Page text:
RESULTS: Image Registration
Construction of ocean floor photo-mosaics is a challenging task, since it consists in stitching several thousands of sea bottom images into the single consistent mosaic. The core routine of the mosaic building process is the automatic matching of two partially overlapping images. Automatic matching of any kind of images usually presents some difficulties. Underwater images pose even more problems, since they normally suffer from the acquisition noise, object occlusion, parallax effects, non-uniform illumination, lack of image texture and presence of moving objects. For a long time underwater mosaicing has being traditionally performed on video sequences using correlation-based matching methods. However, when transformation between images is much more complex than a simple translation or a big lighting variation is present, the correlation-based methods fail. When used in combination with other techniques, providing larger invariance, the computational load of correlation-involving algorithms increases greatly.

Image Pair

During the last five years several efficient feature-based matching techniques were developed, but mainly for overland applications. For example, SIFT (scale invariant feature transform) algorithm, presented in 2004 by Lowe, SURF (speeded-up robust features, Bay, 2006) and other similar methods demonstrate high level of invariance to image scaling, rotation, change in illumination and 3D camera viewpoint, being at the same time fully automatic and quite fast. The new algorithms were thoroughly tested on various images of human-made environment and natural overland scenes, where they proved to be repeatable, distinctive and robust. However, application of these techniques to more difficult underwater images occured to be not straightforward.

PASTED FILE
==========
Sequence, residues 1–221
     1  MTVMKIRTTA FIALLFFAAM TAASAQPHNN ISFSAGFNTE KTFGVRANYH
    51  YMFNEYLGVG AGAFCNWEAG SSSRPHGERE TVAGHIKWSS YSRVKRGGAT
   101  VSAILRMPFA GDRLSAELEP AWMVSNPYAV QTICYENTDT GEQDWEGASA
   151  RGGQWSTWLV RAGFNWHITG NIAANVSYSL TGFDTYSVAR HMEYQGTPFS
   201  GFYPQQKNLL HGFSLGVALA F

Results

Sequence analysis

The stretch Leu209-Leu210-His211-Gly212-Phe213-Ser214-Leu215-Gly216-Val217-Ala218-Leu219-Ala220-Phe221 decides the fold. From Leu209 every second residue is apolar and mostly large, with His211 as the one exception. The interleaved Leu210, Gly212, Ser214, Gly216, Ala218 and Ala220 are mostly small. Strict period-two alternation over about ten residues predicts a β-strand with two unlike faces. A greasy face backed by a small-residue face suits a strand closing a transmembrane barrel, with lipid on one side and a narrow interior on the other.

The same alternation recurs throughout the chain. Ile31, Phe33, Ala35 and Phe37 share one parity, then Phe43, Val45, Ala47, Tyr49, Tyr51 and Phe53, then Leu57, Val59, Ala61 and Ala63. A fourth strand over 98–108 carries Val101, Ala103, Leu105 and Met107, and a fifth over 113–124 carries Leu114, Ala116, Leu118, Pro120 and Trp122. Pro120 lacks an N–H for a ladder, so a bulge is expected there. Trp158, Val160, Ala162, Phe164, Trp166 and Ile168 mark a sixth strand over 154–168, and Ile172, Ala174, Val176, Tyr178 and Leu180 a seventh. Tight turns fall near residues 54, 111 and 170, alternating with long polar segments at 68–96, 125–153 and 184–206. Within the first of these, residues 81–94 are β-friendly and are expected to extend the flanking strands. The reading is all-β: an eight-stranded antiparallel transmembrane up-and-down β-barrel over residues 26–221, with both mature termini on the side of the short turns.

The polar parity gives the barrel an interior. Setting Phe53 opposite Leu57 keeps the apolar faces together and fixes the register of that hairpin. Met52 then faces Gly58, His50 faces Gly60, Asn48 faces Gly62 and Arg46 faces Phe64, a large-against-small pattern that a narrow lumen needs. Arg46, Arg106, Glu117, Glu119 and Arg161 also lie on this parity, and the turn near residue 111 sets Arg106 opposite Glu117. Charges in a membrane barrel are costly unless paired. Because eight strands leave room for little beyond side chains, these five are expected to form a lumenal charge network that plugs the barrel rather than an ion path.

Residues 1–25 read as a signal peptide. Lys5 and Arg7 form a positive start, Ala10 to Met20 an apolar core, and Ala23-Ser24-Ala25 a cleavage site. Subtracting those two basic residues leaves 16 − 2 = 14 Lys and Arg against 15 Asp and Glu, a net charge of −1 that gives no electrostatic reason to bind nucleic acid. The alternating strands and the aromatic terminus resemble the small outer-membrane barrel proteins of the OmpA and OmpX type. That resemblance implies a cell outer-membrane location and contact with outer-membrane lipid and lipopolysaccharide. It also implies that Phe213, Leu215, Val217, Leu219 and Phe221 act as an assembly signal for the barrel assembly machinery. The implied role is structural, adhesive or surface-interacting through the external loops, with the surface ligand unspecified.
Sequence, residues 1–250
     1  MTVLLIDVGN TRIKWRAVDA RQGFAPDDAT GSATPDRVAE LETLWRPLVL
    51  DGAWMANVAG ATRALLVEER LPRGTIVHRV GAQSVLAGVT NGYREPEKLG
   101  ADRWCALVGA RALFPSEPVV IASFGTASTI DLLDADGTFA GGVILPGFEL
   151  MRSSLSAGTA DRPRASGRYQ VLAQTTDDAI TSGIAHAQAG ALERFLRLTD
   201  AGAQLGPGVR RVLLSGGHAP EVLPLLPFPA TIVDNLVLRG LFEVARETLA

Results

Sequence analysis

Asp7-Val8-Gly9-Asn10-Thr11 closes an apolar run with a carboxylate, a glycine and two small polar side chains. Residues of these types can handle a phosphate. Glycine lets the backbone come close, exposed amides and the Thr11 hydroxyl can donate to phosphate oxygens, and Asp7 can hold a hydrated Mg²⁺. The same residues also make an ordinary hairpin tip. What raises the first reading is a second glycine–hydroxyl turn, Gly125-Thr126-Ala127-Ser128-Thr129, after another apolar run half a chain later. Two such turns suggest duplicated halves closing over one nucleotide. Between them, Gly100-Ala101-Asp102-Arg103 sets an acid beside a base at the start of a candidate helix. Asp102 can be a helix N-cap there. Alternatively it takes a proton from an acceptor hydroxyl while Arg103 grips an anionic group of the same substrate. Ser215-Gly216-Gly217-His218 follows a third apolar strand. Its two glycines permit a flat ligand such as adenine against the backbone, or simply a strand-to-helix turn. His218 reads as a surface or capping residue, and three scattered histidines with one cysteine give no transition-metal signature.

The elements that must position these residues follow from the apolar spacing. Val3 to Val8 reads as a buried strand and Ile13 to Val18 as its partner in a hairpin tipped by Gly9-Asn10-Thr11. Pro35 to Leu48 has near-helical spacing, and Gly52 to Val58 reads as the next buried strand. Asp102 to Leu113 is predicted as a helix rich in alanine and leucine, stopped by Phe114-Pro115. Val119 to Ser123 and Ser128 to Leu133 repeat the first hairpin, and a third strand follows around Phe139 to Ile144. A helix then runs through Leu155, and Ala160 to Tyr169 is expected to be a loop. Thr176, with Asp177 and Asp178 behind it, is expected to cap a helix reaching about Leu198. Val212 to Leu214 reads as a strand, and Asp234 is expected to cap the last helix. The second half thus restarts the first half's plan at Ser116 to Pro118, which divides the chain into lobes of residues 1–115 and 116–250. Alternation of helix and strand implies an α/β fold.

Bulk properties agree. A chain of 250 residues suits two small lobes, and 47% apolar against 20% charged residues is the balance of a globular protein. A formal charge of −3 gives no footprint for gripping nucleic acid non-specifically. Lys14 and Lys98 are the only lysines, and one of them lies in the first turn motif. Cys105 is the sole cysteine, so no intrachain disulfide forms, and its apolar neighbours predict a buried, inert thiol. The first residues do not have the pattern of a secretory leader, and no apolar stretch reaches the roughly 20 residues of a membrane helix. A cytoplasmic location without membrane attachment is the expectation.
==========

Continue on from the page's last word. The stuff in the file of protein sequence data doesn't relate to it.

Image Registration The goal and essence of our work was to test recent techniques on various underwater image sequences, to find out the core parameters influencing they performance and to adapt techniques to underwater photometric and geometric artifacts. As a result a specialized for underwater imagery registration process was developed. The process includes preprocessing of images, detection of salient points in images, description of the detected points using the surrounding them image patches, matching of the descriptors, iterative estimation of motion between images and final registration of two images into the single coordinate frame.

The developed registration algorithm introduced significant improvements to the photo-mosaics construction process and enabled registration of challenging underwater images, suffering substantially from blur, loss of color, low contrast, non-uniform illumination and other common for water medium photometric artifacts.